The heart is a muscle that pumps blood throughout the body. To function properly, the heart must receive oxygen. Oxygen is supplied to the heart by coronary arteries that wrap around the surface of the heart. Coronary Artery Disease is generally due to the buildup of plaque or lesions in the coronary arterial walls (a process known as atherosclerosis). Plaque is composed of cholesterol-rich fatty deposits, collagen, other proteins and excess smooth muscle cells.


Atherosclerosis, which usually progresses very gradually over a lifetime, thickens and narrows the arterial walls, impeding the flow of blood. The resulting condition of inadequate blood supply is called ischemia. When the heart muscle becomes ischemic, a person may experience angina pectoris (pain in chest), heart attack (sudden death of part of the heart muscle) or death.


Symptoms of heart attack


Heart attack symptoms in men and women often differ. Men often have the typical type of chest pain that feels like squeezing or pressure. But the pain is more severe than usual and does not go away with rest. Women, older adults, and people with diabetes may have symptoms different from chest pain. These groups of people may have symptoms like breathlessness, heartburn, nausea, fatigue, jaw pain, or back pain.


In one study, many women reported having warning symptoms 1 month before they had a heart attack. These symptoms included unusual fatigue, trouble sleeping, and shortness of breath. Only 30 out of 100 women reported chest pain, which the majority of men report.2 For more information about the differences between coronary artery disease in women and men, see women and coronary artery disease.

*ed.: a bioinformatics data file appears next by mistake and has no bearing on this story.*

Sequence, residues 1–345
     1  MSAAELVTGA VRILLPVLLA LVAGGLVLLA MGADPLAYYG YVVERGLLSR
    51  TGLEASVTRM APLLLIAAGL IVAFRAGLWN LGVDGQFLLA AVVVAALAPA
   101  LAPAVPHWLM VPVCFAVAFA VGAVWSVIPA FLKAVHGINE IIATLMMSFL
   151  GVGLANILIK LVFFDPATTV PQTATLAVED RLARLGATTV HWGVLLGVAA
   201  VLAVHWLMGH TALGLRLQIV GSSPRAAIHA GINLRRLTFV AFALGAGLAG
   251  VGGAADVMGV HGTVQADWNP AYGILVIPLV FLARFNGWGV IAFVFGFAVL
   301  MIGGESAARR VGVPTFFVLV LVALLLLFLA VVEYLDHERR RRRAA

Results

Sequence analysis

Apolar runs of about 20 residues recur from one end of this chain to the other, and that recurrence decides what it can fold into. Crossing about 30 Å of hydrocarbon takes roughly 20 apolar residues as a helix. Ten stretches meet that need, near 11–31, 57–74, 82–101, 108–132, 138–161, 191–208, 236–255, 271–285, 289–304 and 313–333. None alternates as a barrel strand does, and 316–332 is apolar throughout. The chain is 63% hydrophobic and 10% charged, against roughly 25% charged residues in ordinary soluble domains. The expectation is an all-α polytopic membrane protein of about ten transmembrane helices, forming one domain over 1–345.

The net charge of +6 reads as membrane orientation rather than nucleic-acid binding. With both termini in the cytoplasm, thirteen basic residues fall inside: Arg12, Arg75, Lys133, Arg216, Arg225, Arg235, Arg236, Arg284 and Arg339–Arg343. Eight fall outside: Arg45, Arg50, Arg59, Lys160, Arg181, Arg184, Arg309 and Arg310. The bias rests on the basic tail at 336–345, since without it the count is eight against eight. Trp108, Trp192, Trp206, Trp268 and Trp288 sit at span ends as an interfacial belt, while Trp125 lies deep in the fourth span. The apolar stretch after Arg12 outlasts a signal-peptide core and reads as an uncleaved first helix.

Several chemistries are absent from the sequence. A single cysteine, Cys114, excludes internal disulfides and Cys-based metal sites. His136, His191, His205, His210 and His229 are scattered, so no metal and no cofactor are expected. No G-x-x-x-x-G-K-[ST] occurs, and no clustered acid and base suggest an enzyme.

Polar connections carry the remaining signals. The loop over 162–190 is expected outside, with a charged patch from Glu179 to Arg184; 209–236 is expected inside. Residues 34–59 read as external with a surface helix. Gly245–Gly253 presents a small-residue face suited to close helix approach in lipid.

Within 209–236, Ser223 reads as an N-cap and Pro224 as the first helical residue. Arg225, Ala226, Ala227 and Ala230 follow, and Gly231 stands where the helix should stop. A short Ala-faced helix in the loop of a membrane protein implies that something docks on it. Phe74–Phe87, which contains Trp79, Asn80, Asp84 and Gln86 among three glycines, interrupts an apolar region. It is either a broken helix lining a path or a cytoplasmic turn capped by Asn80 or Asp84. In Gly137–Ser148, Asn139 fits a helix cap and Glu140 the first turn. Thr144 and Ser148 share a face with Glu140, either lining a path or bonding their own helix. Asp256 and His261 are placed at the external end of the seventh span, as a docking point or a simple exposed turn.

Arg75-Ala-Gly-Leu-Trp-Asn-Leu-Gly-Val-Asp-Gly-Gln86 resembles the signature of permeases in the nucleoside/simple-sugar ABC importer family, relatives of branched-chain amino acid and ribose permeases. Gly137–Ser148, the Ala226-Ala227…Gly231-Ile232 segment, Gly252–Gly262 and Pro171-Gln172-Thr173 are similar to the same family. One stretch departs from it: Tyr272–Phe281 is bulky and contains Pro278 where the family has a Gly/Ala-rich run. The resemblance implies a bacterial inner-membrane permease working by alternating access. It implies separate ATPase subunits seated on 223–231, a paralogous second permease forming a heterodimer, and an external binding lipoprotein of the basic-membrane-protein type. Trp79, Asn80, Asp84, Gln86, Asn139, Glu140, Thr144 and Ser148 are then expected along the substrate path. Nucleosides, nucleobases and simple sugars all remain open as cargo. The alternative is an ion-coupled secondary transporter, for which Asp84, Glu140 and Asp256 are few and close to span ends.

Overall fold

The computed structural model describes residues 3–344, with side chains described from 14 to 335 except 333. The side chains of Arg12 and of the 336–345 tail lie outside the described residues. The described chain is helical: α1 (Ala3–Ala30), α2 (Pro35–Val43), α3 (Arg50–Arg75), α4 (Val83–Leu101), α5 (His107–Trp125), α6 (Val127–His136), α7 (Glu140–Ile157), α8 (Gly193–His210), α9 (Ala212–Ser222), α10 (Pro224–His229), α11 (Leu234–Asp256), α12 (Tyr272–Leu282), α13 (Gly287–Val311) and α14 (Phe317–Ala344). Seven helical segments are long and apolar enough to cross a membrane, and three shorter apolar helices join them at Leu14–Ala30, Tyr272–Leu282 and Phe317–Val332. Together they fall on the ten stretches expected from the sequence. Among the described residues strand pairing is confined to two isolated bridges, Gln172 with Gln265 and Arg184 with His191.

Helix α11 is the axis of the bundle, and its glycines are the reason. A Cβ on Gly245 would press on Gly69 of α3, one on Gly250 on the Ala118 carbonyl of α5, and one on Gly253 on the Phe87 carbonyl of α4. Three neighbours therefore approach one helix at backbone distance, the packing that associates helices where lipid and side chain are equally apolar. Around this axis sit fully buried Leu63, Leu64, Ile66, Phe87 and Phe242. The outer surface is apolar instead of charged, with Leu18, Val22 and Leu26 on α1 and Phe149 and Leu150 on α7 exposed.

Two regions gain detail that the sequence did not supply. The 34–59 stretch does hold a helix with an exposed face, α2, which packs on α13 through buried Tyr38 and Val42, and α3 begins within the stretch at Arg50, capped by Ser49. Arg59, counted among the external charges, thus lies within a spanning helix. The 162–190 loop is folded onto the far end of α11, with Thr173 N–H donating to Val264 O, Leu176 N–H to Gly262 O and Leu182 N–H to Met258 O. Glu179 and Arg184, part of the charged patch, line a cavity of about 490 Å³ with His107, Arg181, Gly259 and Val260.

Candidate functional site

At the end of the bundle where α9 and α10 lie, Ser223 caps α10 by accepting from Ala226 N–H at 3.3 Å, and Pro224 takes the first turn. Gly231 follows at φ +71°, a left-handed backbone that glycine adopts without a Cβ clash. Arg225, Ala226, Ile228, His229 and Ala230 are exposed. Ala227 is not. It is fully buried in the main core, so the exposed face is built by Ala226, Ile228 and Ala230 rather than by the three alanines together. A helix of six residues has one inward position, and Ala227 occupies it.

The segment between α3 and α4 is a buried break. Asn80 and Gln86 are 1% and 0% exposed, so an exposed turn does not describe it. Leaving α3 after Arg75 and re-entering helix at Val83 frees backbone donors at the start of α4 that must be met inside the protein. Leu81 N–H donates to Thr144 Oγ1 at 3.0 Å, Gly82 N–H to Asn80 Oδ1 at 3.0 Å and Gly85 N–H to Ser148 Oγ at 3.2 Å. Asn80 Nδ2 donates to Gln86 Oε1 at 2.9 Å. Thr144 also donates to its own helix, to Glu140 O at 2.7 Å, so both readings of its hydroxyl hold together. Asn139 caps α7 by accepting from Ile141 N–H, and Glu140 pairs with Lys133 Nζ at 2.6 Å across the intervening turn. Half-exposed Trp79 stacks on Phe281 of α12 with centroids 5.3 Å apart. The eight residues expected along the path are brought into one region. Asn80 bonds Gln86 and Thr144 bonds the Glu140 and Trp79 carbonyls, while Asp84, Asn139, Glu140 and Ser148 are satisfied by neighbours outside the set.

Unfortunately, sometimes a heart attack is the first sign of coronary artery disease. According to the large, 50-year Framingham Heart Study, more than 50 out of 100 men and 63 out of 100 women who died suddenly of coronary artery disease (mostly from heart attack) had no previous symptoms of this disease.3


Some people who have coronary artery disease and insufficient blood flow to the heart muscle (ischemia) do not have any symptoms. This is called "silent ischemia." In rare instances, you can even have a "silent heart attack," a heart attack without symptoms.


Treatment for Coronary Artery Diseases


Lifestyle changes are the first step for anyone with coronary artery disease. But sometimes lifestyle changes are not enough. You may also need medicines. If you take medicines, take them on a schedule and take the correct dose. Taking medicines properly can help you prevent a heart attack or stroke.


Lifestyle changes


When you're first diagnosed with heart disease, your doctor will strongly advise you to make lifestyle changes. These include quitting smoking, eating a heart-healthy diet, and getting regular exercise. These healthy habits can slow or even stop the disease and improve the quality and length of your life.


Quit smoking. It's the best thing you can do to reduce your risk of future problems. And avoid secondhand smoke. People with heart disease who keep smoking have a 43% greater chance of dying from a heart attack than those who quit.6


Your doctor may prescribe medicine and counseling to help you quit. Nicotine replacement therapy, the medicines bupropion (Zyban or Wellbutrin) and varenicline (Chantix), and counseling can help you quit for good.7 For more information, see the topic Quitting Smoking.


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Healthy Heart


Eat a heart-healthy diet. This can help you keep your disease from getting worse. A chart that compares heart-healthy diets(What is a PDF document?) can help you see what foods are suggested in each plan. A heart-healthy diet means:


* Eat more fruits, vegetables, whole grains, and other high-fiber foods.

* Choose foods that are low in saturated fat, trans fat, and cholesterol.

* Limit salt.

* Stay at a healthy weight by balancing the calories you eat with how much physical activity you get.

* Eat more foods that are high in omega-3 fatty acids, such as fish.


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